In 2018, Xiaomi launched a new brand called “POCO”, and its first smartphone took everyone by surprise. For almost $300, it came equipped with a flagship-grade Qualcomm processor and focused just on performance, not things like design, cameras, and display. While all other phones with similar specs cost upwards of US$ 500, POCO carved a new segment for itself. A segment that goes on to remain untouched to date.

But that was the first and last phone POCO launched. Considering the brand is owned by Xiaomi, everyone expected a successor to launch soon but that never happened. Sure, the company’s social media accounts were always active, replying to users, engaging, and often joking about the next POCO phone. It always kept adding features through software updates to the phone. But it was clear. Xiaomi kept the brand in a dormancy stage until it could figure out its long-term future, while many naysayers thought that the brand was dead as many executives left.

At the beginning of 2020, it was announced that POCO is all set to launch its second phone. It’ll be called the POCO X2 and the launch event has been scheduled for February 4. In classic Xiaomi style, all social media accounts and online advertisements were filled with teasers about the upcoming phone, along with the hashtag #SmoothAF.

So how did POCO come back?

  • To understand this, we first need to know how POCO was born. Since 2017, it was clear that OnePlus was taking over the premium market and within a year, it had dethroned Samsung. It continues to control the segment due to aggressive pricing and constantly improving products. Xiaomi has tried to breach the Rs 20,000 price tag in India but it has failed to garner the type of sales OnePlus has managed. It had to counter OnePlus’ rise, and it did so with the POCO F1. Even though the two belonged in completely different categories, the F1 did try to cannibalize OnePlus’ sales as well as propel Xiaomi slightly past the 20K mark.
  • However, the pricing of the POCO F1 was ridiculously cheap. And everyone expected Xiaomi to follow its history of making good products even more affordable after a period of time. With the POCO F1, they wanted to go up, but market dynamics expected them to come down. Coming any lower could directly harm Redmi sales. They just decided to take a step back, had a few high-profile executives like Jai Mani leave which led to POCO going into hibernation.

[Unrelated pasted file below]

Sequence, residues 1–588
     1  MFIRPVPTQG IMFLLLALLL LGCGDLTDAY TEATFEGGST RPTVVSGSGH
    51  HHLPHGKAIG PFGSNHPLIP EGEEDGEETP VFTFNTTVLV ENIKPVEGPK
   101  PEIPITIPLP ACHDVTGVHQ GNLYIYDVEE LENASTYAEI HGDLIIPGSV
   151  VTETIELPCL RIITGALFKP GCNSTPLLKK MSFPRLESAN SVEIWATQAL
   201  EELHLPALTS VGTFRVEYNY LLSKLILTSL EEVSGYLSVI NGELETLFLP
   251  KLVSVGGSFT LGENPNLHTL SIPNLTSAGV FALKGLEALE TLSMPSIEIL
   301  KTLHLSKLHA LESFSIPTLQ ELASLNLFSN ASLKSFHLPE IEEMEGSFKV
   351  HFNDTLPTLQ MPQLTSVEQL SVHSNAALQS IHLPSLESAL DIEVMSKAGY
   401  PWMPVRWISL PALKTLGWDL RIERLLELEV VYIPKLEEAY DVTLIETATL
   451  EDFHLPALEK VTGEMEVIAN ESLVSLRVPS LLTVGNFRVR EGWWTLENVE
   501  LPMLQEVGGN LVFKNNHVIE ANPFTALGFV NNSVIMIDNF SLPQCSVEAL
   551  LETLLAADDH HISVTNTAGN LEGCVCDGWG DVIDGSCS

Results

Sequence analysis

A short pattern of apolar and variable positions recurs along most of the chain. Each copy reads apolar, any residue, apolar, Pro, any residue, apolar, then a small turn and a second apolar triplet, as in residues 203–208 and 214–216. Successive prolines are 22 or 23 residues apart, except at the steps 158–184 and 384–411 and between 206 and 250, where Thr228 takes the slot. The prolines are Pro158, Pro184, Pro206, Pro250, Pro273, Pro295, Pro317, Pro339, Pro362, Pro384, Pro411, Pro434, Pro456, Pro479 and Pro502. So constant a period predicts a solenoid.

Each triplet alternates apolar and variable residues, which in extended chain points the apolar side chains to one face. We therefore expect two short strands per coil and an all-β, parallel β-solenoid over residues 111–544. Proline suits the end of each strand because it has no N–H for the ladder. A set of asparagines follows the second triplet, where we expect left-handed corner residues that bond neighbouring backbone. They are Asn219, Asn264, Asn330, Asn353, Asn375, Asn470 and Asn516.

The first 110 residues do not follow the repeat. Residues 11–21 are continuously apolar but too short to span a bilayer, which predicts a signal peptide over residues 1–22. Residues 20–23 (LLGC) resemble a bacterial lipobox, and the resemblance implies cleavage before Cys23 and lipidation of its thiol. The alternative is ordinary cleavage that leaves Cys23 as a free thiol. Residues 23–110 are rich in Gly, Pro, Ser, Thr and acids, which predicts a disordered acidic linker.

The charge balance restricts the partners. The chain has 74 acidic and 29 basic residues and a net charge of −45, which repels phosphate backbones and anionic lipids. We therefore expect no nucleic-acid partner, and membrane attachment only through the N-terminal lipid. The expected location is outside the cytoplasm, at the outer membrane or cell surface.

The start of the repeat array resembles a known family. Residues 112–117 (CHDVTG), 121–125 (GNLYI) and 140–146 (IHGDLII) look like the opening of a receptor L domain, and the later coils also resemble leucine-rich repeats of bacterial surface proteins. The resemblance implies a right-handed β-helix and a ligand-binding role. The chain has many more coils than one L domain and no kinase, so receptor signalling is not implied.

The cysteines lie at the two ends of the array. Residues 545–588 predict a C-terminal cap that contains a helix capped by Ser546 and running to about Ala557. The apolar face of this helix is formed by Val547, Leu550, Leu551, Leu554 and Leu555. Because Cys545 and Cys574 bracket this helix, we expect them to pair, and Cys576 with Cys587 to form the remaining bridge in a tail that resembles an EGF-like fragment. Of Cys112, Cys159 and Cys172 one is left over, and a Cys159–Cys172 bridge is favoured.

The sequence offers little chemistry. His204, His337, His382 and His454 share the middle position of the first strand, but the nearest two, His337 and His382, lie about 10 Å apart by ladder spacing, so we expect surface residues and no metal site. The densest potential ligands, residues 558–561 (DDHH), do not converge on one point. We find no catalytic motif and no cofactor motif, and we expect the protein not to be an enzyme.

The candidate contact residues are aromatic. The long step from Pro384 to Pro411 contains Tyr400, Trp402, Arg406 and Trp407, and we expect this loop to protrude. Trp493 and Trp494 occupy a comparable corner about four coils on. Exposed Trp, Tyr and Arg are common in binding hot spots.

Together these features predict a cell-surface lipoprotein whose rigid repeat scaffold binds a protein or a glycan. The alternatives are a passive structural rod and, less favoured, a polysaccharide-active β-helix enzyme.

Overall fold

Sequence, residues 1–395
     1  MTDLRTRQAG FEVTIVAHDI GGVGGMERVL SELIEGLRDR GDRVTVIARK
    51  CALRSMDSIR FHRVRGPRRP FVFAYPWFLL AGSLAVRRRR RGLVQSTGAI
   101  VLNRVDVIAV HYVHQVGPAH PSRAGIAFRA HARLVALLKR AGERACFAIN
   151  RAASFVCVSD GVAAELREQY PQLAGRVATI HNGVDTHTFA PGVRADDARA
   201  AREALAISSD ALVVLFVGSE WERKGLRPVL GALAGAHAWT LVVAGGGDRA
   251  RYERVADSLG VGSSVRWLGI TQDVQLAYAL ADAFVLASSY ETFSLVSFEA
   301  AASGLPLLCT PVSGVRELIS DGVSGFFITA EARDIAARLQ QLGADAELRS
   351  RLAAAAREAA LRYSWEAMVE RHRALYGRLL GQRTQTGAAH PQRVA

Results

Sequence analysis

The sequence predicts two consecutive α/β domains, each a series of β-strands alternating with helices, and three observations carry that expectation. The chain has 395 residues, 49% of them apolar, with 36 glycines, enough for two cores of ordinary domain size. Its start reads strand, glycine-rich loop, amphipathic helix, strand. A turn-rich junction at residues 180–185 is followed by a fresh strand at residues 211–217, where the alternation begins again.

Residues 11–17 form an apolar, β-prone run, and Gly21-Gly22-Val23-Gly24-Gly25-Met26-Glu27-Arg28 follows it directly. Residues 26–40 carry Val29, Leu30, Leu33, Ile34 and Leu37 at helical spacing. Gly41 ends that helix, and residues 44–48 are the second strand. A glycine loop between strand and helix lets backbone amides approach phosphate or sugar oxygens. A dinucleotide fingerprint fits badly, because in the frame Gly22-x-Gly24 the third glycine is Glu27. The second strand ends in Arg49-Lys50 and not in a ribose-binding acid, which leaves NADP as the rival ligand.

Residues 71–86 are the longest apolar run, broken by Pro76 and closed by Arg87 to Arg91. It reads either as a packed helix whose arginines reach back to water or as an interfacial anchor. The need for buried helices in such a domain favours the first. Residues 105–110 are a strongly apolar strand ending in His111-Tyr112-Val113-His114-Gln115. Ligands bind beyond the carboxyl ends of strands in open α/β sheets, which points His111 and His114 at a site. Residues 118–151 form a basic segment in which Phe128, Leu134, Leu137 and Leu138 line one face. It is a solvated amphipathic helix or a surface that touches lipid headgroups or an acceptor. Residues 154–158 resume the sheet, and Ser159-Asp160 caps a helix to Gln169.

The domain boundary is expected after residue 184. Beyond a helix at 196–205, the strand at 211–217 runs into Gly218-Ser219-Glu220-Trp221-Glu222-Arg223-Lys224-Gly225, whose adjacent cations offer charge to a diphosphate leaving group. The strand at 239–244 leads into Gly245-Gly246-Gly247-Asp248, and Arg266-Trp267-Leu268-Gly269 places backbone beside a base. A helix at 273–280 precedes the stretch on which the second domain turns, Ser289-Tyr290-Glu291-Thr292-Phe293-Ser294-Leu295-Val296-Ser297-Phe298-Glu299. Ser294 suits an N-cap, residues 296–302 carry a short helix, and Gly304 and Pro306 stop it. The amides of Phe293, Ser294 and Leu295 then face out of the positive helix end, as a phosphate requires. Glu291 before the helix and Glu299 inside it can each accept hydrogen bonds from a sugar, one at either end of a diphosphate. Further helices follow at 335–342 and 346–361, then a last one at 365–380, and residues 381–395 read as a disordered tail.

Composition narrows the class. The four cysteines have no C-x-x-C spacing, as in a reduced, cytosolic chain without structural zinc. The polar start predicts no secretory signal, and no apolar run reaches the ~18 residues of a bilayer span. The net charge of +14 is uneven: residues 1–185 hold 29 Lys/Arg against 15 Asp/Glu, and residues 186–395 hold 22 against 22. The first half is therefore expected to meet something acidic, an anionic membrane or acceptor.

• In 2019, things started to change though. A very young brand like Realme was able to capture 14.3% of the market in Q3 2019, barely a year after it launched. Realme is backed by BBK Electronics and operates as an independent brand. BBK Electronics also owns the OPPO, Vivo, and OnePlus brands. According to the latest reports, the Chinese conglomerate indirectly controls more than 40% of India’s smartphone market by units shipped. Even though Xiaomi is still topping the charts, it has just a 27.1% share. Far lesser than BBK Electronics.
  • One important thing to note is, POCO operated under Xiaomi up till now. With the 2020 announcement of a new phone, POCO has been turned completely independent. This means it can decide its own strategy, market audience, marketing, and literally everything. When OPPO and Vivo reached their saturation level, BBK floated the Realme brand which worked wonders for them. Xiaomi is following the same gameplan. POCO will have its own office, marketing, sales, product, while they will lean on Xiaomi for supply chain, software, and distribution.
  • While Realme had the daunting task of developing itself as a brand and create an image, POCO already has it. Users recognise the brand as an affordable option for fast phones that can play high-end games geared towards nerds who swear by assembled PCs. Xiaomi already enjoys a very friendly fan following in the country, and it did the same with POCO. Hence, the new brand is also ready with its own army of people who can spread the word, organically.
  • Interestingly, BBK too took a few hints from the creation of POCO and started a new lineup of products under the “Reno” brand. While POCO was always known for speed and agility, OPPO used Reno to define low-light and zoom photography. Companies are purposely creating more brands to define themselves in a more particular way. 
  • And most importantly, the creation of POCO will help Xiaomi make way to the premium side of the spectrum. Last year, Xiaomi tried to breach the INR 20K pricing barrier by launching the Redmi K20 series. Unfortunately, the pricing of the K20 series received a lot of backlash from users, including fans. Xiaomi thought users will understand that K-series is supposed to be premium and will carry a price tag accordingly. However, the brand forgot that users have been waiting for a POCO phone for a long time and wished the K20 series was a replacement for the F1. That being said, the K20 Pro did better than any other Xiaomi phone that sold upwards of Rs 20,000. 
  • The backlash proved that it’s going to be very difficult for Xiaomi to go premium in India. All their brands are already synonymous with affordability. And that’s exactly why the POCO brand is being spun off. Redmi can handle the affordable segment, POCO can hover around INR 20K, and the Mi branding could be propelled further. 

It’ll be interesting to see how POCO is able to take on Realme as well as other offerings from OPPO, Vivo, and even Nokia. 

Analysis: How BBK Electronics is countering Xiaomi in India


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